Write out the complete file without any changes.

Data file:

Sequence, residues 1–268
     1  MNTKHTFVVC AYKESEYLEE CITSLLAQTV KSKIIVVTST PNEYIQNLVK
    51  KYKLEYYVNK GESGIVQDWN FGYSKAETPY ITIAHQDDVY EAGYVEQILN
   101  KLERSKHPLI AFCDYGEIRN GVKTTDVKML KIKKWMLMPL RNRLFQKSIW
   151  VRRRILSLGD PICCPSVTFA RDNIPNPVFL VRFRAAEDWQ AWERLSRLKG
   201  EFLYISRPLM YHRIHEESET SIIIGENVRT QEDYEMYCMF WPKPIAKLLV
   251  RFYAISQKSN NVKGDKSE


Sequence, residues 1–268
     1  MNTKHTFVVC AYKESEYLEE CITSLLAQTV KSKIIVVTST PNEYIQNLVK
    51  KYKLEYYVNK GESGIVQDWN FGYSKAETPY ITIAHQDDVY EAGYVEQILN
   101  KLERSKHPLI AFCDYGEIRN GVKTTDVKML KIKKWMLMPL RNRLFQKSIW
   151  VRRRILSLGD PICCPSVTFA RDNIPNPVFL VRFRAAEDWQ AWERLSRLKG
   201  EFLYISRPLM YHRIHEESET SIIIGENVRT QEDYEMYCMF WPKPIAKLLV
   251  RFYAISQKSN NVKGDKSE